Charlie Baker wins second term as governor
Governor Charlie Baker, a Republican who has spent years carving a reputation separate from his party and the president, won a decisive reelection victory Tuesday, buoyed by a strong economy, his embrace of comity and bipartisanship, and an opponent whose message — that Massachusetts needs to aim higher — fell flat with an electorate content with Baker’s leadership.
Turnout was on track to exceed any recent midterm election, lifted by antipathy for President Trump. But Baker wasn’t punished for being a member of the GOP: Voters in every region of the state gave him a strong mandate for a second term. Even in reliably blue Boston, he doubled his vote total from four years ago.
With 82 percent of precincts reporting statewide, Baker and Lieutenant Governor Karyn Polito led Democrat Jay Gonzalez and running mate Quentin Palfrey 67 percent to 33 percent.
At a victory party at the Hynes Convention Center, an ebullient Baker spoke directly to his constituents.
“Your honesty and pragmatism and common sense have kept us grounded and focused,” he said. “You kept us away from the partisan bickering, the personal attacks, the lost opportunities, and the overwhelming negativity that comes with that.”
Gonzalez conceded to Baker around 9:15 p.m. and echoed a similar message in defeat. He told the crowd at the nearby Fairmont Copley Plaza that in a time of divisiveness in national politics, Baker “deserves credit and our thanks for the civil, respectful, and collaborative approach he has taken to governing.”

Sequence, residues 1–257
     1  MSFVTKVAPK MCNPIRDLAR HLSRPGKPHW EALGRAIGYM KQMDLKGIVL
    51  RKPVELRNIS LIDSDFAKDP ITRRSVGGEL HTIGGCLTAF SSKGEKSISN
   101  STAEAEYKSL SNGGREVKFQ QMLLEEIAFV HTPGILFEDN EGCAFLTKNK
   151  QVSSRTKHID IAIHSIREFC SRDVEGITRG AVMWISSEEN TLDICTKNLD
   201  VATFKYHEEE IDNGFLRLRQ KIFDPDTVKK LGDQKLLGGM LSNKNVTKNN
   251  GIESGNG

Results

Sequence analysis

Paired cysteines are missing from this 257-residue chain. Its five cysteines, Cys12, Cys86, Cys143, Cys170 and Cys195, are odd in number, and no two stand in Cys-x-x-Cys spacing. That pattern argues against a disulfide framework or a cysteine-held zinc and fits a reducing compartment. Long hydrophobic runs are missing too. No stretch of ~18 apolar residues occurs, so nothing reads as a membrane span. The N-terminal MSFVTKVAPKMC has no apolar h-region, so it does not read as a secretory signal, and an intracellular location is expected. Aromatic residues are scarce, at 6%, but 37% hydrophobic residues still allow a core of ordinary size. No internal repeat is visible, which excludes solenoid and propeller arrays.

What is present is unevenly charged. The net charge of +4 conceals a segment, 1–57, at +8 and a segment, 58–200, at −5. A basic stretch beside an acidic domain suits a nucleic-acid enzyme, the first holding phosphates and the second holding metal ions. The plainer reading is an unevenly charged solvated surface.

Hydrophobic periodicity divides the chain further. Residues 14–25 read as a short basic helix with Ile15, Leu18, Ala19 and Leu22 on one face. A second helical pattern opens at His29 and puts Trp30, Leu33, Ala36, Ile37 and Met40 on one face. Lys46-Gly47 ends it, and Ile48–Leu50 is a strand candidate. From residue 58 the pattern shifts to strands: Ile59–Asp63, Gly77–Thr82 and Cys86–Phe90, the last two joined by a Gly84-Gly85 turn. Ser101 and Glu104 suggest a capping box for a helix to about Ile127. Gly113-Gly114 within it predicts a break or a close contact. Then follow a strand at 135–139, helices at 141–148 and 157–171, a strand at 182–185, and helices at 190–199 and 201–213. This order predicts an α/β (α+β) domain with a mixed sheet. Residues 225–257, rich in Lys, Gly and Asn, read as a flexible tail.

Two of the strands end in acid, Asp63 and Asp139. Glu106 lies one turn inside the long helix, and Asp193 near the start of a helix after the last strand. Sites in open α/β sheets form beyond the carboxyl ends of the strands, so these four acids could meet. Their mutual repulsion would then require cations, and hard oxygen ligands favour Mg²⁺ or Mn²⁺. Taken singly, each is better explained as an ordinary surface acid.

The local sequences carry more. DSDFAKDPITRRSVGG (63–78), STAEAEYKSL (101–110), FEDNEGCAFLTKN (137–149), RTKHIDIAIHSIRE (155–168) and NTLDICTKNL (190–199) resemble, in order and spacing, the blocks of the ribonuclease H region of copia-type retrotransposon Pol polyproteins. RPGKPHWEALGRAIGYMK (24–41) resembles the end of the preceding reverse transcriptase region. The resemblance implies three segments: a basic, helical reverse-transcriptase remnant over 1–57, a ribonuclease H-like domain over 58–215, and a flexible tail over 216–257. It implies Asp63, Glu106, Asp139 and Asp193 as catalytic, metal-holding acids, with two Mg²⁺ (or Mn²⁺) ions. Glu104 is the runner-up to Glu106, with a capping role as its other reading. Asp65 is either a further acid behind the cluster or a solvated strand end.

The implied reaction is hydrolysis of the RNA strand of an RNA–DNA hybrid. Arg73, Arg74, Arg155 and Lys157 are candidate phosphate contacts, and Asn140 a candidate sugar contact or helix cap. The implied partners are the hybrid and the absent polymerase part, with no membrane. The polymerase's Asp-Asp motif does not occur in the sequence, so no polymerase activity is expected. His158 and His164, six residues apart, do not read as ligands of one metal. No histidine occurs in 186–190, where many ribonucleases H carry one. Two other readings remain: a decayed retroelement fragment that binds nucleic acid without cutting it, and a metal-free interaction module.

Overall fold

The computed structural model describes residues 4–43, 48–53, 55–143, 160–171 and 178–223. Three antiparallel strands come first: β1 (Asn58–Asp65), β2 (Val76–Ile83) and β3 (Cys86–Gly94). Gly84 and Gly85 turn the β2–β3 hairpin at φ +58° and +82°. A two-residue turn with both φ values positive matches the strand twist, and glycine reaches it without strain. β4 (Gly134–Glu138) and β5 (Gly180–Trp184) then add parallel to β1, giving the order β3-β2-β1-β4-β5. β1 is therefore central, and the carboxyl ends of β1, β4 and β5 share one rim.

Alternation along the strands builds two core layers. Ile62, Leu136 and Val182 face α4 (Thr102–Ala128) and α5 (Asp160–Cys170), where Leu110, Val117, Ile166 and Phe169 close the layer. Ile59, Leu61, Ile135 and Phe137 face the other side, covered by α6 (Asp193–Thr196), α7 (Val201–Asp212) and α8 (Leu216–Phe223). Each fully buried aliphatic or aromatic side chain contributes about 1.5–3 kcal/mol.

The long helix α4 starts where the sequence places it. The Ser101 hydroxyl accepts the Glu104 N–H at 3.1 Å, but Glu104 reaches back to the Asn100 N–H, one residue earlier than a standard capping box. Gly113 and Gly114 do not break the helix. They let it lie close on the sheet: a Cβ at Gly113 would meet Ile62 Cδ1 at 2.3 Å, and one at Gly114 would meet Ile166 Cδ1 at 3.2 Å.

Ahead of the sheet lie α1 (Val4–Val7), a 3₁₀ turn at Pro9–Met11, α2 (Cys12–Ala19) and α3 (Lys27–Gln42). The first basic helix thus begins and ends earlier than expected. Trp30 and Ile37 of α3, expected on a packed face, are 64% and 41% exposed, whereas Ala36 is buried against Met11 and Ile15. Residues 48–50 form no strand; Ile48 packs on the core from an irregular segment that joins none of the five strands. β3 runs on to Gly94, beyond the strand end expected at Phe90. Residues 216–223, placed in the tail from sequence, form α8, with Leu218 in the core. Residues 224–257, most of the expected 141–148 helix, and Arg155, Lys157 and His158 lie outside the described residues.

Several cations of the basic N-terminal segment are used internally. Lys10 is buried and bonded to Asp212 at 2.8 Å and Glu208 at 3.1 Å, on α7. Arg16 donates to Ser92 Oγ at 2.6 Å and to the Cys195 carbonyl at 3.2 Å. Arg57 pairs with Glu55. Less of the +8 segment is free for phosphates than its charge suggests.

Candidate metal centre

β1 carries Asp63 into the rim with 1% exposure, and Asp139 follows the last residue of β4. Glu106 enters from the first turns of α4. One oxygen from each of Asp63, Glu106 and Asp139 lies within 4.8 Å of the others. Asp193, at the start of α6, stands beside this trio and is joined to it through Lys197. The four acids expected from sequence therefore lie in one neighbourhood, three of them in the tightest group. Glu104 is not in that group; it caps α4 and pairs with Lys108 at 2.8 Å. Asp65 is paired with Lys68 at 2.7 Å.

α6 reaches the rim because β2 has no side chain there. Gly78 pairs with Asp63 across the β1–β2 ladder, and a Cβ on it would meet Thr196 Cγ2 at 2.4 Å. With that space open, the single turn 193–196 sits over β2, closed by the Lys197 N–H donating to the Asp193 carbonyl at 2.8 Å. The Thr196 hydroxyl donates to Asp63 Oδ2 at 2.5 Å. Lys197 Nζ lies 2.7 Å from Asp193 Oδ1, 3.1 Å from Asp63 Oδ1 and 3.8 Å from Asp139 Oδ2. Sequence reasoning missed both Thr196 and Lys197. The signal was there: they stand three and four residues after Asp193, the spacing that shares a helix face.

“I don’t have a single regret,” Gonzalez said. “And there’s not a thing I would change about the campaign we ran. I’m proud of what our campaign stood for.”
Gonzalez had attacked Baker as bereft of a broad vision for the Commonwealth and tried to tie him to the national GOP, but those critiques flopped and the contest was never remotely competitive. Baker has consistently held a 70 percent job approval rating since he led the state through near-apocalyptic snowstorms in his first weeks on the job in 2015.
Backed by millions of dollars in TV ads trumpeting his bipartisan credentials and recalling his work to stem the opioid crisis, Baker easily rolled over Gonzalez, who struggled to connect with voters and donors.
The scene Tuesday night stood in stark contrast to Baker’s narrow victory in 2014, when uncertainty about the outcome stretched well into the following morning before Baker ultimately emerged victorious over Martha Coakley by a mere 40,000 votes.
As in almost all political contests across the country, President Trump, who is deeply unpopular in Massachusetts, loomed over the gubernatorial contest.
But Baker, who didn’t vote for Trump in 2016 and has criticized his party leader on multiple fronts, managed to craft an identity a world apart from the New York billionaire.
While Trump thrives on explosive confrontation and incendiary attacks, Baker, a former state budget chief and health insurance executive, leaned into his reputation as a wonky technocrat.
He reveled in being called boring, labored to avoid public conflict with the Democratic-controlled Legislature, and delivered public statements that were odes to pragmatic, bipartisan, and courteous governance.